A rare prairie super bloom has appeared in the Bellbrook Sugarcreek Park District.
Morris Reserve, a new 100-acre prairie, 3151 Lower Bellbrook Road, has erupted in wildflowers in shades of yellow, pink and purple.
Super blooms, a rare instance when multiple species of flowers bloom at the same time, only happen under the right weather conditions — lots of rain and high temperatures — according to Kendra Schide, the park’s chief naturalist, and usually only occurs once in the lifetime of a prairie.
More common in California and desert areas, a super bloom is unusual in Ohio.
“I’ve never seen one, I’ve only heard about it,” Schide said. “I was like ‘grab your cameras, call the newspaper.’ I practically got chills.”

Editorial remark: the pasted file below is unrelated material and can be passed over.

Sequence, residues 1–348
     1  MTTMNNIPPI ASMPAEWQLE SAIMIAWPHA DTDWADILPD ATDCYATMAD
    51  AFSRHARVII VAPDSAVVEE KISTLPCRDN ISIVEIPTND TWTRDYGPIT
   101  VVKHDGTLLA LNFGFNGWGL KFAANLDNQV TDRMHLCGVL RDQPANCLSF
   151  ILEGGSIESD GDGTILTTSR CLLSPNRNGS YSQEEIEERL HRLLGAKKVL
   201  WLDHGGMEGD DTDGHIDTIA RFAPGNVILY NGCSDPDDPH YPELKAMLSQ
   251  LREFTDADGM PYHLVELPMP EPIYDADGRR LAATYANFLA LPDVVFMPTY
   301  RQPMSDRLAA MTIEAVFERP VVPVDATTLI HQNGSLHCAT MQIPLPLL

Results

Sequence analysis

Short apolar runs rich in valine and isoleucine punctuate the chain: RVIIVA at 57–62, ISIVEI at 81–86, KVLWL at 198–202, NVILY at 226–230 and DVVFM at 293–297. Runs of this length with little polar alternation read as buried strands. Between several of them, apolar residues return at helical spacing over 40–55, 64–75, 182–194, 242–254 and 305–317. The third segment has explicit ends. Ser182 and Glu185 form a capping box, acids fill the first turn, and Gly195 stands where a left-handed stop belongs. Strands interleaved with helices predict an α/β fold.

Schide, who described the prairie as a “magical thing,” said the wildflowers are six to eight-feet tall, creating a cave-like feel as visitors drive by or walk through. Among the blooming plants are prairie cone flowers, bee balm and brown and black-eyed Susan.
The super bloom will be at its peak for another week Schide said. She suggests visitors take the mile-long trail that borders the Little Miami River to see the prairie. It can also be seen from Lower Bellbrook Road and the parking lot.
Professional photographers visiting the prairie must fill out a commercial photography and film permit to take photos.
Morris Reserve is the newest addition to the Bellbrook Sugarcreek Park District park system. The 177 acres of woodland, prairies and meadows was acquired in 2016 from the Morris Family who owned the land for 198 years.